• The Post: As Bagdikian is bringing the Pentagon Papers on his flight back to D.C., the stewardess sees him trying to put a seatbelt on one of the boxes he has, and notes it must be precious cargo. Bagdikian responds, "It's just government secrets," which she laughs at.
  • Assault on Wall Street: After Jim begins assassinating bankers and stock brokers for their role in the financial crash, he meets up with his old police and security guard pals in their diner hang-out. When he brings up the recent killings, he sarcastically admits that he's the one behind it, but they take it as a joke. Still, it raises obvious doubts if one pays attention to their unnerved facial expressions.

    Jokes 

    Myths & Religion 
  • Horribly subverted in the story of Samson and Delilah. After lying about what his Achilles' Heel is three times, he tells the truth the fourth time, apparently expecting her not to believe him. He really should've seen it coming, though, since she did try all the other things he claimed would weaken him; there's really no reason to think she wouldn't give it a shot this time, too.

    Puppet Shows 
  • In the Muppets Tonight episode "The Cameo Show", when Charles Darwin and two police officers come across the Muppets carrying the dead body of Arsenio Hall (It Makes Sense in Context), and Darwin asks "what's in the bag, a dead body?", they sarcastically admit that they killed the guest star. And then when he asks what's really in the bag, after they make sure he doesn't have a warrant, Rizzo says that it's Arsenio Hall, and they all laugh again.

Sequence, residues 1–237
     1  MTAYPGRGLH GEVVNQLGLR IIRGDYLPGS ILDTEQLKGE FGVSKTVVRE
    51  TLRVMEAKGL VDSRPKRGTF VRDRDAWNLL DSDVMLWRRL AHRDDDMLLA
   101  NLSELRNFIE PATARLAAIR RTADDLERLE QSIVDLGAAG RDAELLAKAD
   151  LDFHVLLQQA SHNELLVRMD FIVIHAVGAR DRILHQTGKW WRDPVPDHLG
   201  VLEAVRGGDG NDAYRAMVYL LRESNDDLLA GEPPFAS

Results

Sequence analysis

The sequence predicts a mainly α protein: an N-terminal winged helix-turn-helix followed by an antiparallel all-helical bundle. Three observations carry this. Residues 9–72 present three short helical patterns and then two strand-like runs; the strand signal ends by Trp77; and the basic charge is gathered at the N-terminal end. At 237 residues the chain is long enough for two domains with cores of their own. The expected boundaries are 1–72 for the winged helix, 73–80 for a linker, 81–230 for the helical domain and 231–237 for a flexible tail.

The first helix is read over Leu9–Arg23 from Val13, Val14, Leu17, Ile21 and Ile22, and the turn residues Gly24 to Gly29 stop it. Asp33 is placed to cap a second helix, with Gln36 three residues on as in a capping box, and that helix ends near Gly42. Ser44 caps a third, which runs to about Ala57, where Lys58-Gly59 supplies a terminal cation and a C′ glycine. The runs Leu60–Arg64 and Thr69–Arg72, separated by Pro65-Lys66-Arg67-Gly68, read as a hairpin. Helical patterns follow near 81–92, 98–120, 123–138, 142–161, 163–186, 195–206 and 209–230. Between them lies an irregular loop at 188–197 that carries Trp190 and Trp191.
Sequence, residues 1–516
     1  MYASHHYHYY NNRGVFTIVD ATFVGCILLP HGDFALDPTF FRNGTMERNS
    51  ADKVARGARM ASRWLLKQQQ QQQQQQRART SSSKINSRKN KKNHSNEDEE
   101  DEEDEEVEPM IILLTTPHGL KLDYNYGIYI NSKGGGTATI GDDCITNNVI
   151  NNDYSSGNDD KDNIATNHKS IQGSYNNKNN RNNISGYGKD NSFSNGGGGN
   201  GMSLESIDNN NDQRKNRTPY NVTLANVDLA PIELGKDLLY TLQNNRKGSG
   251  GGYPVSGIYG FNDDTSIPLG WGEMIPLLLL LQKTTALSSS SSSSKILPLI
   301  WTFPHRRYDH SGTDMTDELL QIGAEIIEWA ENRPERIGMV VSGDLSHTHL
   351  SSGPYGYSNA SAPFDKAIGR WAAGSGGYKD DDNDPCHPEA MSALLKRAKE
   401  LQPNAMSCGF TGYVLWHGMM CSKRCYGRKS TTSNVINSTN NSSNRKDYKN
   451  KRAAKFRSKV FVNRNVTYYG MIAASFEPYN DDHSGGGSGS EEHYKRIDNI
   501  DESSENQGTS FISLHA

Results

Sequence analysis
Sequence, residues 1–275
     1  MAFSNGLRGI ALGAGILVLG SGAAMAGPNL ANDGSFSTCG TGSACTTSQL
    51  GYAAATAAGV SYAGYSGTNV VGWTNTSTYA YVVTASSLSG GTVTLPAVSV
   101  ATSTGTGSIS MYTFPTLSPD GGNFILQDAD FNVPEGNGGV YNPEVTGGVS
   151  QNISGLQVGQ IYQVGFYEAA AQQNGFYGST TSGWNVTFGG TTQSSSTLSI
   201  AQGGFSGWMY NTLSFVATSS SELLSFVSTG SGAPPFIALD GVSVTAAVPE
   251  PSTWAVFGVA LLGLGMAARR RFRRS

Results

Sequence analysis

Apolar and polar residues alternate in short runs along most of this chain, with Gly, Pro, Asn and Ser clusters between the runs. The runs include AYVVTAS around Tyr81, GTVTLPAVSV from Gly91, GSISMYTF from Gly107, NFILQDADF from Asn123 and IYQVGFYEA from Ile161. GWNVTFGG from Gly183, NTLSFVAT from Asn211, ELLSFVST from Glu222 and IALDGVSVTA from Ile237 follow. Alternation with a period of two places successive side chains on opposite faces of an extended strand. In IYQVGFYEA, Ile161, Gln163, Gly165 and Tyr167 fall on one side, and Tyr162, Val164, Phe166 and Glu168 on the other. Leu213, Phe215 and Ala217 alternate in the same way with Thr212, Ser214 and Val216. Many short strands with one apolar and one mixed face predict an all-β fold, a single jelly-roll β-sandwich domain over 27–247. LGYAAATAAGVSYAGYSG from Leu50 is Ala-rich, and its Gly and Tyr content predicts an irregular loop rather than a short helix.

Radio 
  • A common tactic in The Unbelievable Truth, in which panelists are given five truths to "smuggle" past the others in a lecture of Blatant Lies (sometimes, for example, by slipping them into long lists).
  • From the BBC radio adaptation of the Raffles story "Nine Points of the Law":
    Addenbrooke: To hear you talk, one would think you'd done this kind of thing before.
    Raffles: Oh, we have. We're the most notorious thieves in London, Bunny and I.
    Addenbrooke: Heaven help us all if you ever do take to that line of country, gentlemen.

    Tabletop Games 
  • In Exalted the Sidereals have a charm (magic power), Avoiding The Truth Technique, just for doing this.

    Theatre 
  • In Norm Macdonald's 2017 standup special Hitler's Dog, Gossip, and Trickery, Norm describes a scenario in which a wife confronts her husband about the fact that he's been making eyes at her sister, and her husband responds with a sarcastic confession that grows more and more outlandish.
    Husband: Hey, the only reason I married you is to fuck your sister, right?
    Wife: No, I shouldn't have brought it up.